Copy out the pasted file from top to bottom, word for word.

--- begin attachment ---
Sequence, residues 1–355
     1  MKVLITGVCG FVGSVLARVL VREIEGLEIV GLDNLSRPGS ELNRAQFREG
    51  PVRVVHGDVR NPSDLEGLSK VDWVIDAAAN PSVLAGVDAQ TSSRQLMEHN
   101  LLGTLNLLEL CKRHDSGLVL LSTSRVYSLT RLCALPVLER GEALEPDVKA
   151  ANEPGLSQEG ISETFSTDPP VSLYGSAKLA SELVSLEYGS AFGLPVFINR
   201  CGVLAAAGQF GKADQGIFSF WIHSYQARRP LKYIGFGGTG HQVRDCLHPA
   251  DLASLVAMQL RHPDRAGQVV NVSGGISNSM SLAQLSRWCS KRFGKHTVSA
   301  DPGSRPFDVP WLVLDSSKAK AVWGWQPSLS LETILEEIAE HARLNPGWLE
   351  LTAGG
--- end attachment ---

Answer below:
Sequence, residues 1–355
     1  MKVLITGVCG FVGSVLARVL VREIEGLEIV GLDNLSRPGS ELNRAQFREG
    51  PVRVVHGDVR NPSDLEGLSK VDWVIDAAAN PSVLAGVDAQ TSSRQLMEHN
   101  LLGTLNLLEL CKRHDSGLVL LSTSRVYSLT RLCALPVLER GEALEPDVKA
   151  ANEPGLSQEG ISETFSTDPP VSLYGSAKLA SELVSLEYGS AFGLPVFINR
   201  CGVLAAAGQF GKADQGIFSF WIHSYQARRP LKYIGFGGTG HQVRDCLHPA
   251  DLASLVAMQL RHPDRAGQVV NVSGGISNSM SLAQLSRWCS KRFGKHTVSA
   301  DPGSRPFDVP WLVLDSSKAK AVWGWQPSLS LETILEEIAE HARLNPGWLE
   351  LTAGG